In the 70s- many just could not understand why I 'had to study' and 'had to work' - although this had little to do with finances. It raised many eyebrows for sure. I was even told when interviewed to uni 'hasn''t your husband got enough on his plate without having a wife who wants to study full time' and by another 'you do realise teaching isn't a hobby for middle-class housewives'?
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Old 05.11.2017, 19:30
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Re: Increasingly frustrated working mom

From another perspective, the nature of 'employment' has changed in general, both for men and women. Hence what is to say that whilst one partner is in a good position and the other not so then why not see a break with work on a temporary level the way forward that could change later...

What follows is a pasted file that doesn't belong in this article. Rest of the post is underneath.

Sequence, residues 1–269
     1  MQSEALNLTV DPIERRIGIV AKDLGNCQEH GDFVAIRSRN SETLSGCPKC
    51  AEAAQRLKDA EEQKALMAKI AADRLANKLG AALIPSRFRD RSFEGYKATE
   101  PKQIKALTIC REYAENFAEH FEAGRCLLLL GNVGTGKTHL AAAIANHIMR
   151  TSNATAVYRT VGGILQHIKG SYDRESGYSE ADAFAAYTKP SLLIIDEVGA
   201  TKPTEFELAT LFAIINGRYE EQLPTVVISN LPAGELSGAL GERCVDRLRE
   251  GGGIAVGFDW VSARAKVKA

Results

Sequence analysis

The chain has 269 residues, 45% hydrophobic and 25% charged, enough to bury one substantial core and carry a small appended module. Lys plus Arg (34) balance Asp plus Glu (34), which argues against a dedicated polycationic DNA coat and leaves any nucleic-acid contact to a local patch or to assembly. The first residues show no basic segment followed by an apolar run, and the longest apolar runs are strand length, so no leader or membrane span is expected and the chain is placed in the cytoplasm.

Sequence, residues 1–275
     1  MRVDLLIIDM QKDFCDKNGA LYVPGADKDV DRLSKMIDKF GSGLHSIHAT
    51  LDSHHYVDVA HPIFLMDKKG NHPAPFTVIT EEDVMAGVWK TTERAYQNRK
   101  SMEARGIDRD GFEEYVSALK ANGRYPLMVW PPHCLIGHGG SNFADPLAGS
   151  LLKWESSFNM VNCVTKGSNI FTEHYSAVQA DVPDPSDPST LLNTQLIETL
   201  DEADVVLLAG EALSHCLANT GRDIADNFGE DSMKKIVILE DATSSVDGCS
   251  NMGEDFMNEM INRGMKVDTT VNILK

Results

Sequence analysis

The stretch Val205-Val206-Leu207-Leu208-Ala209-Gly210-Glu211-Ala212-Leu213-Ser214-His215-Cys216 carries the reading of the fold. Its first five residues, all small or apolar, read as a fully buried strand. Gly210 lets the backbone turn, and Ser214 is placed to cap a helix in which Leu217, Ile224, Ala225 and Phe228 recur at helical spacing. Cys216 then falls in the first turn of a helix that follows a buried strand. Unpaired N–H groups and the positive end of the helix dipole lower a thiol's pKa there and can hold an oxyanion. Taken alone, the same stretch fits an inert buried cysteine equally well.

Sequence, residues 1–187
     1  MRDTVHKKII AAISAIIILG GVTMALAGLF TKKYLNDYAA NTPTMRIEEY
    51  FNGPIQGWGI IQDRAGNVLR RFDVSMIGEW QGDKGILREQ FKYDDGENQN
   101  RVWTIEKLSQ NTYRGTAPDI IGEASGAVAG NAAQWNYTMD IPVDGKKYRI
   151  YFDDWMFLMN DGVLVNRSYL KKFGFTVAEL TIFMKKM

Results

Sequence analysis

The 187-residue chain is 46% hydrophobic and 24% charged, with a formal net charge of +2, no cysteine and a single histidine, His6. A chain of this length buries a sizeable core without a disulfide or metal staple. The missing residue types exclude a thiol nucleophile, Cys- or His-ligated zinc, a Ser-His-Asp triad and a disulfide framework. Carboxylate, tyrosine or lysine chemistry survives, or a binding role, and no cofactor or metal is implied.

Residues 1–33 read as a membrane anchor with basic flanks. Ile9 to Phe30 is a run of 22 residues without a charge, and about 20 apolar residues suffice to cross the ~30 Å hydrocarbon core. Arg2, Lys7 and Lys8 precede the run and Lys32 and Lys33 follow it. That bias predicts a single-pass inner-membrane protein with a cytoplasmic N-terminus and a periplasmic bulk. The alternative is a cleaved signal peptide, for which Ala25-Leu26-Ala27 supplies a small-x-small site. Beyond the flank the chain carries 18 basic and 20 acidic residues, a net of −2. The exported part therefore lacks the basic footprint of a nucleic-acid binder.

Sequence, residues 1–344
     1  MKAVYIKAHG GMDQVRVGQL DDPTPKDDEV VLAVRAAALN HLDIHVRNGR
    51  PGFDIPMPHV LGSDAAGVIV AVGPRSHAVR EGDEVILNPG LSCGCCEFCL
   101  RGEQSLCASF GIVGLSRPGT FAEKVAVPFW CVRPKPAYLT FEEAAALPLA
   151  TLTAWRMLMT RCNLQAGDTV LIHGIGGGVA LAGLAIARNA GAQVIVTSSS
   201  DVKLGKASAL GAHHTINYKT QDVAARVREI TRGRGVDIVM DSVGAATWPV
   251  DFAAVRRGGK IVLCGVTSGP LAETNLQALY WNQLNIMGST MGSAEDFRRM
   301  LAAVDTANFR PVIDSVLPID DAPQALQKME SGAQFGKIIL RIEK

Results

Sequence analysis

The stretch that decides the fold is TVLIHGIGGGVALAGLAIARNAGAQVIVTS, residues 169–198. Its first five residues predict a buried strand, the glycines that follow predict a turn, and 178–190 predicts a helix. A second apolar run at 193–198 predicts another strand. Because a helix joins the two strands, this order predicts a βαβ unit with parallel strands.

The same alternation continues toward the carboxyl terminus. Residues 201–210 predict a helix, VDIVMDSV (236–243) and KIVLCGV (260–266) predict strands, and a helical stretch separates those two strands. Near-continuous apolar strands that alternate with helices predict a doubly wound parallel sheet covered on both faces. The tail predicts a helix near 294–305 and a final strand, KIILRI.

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Old 05.11.2017, 19:54
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Re: Increasingly frustrated working mom

Good to see so many working Moms on EF! OP, first of all well done for keeping three young children, a job and a family life you enjoy going so well so far. It's natural that you'd be questioning this status quo at this point, as you have the choice.

As a single mom here since the past 19 years, without having had the benefit of a choice, would also say that from our experience, your children are much better off growing-up with the role-model of a working Mom. Certainly my daughter (now 22 and studying at Uni) agrees with that.

She grew-up with a good circle of close friends, but thinking back - it was always easier when their parents had more progressive minded parents. It also made a difference living in the city.

I found the article below to be quite interesting, with facts and figures. One of the take-aways being (Google translate):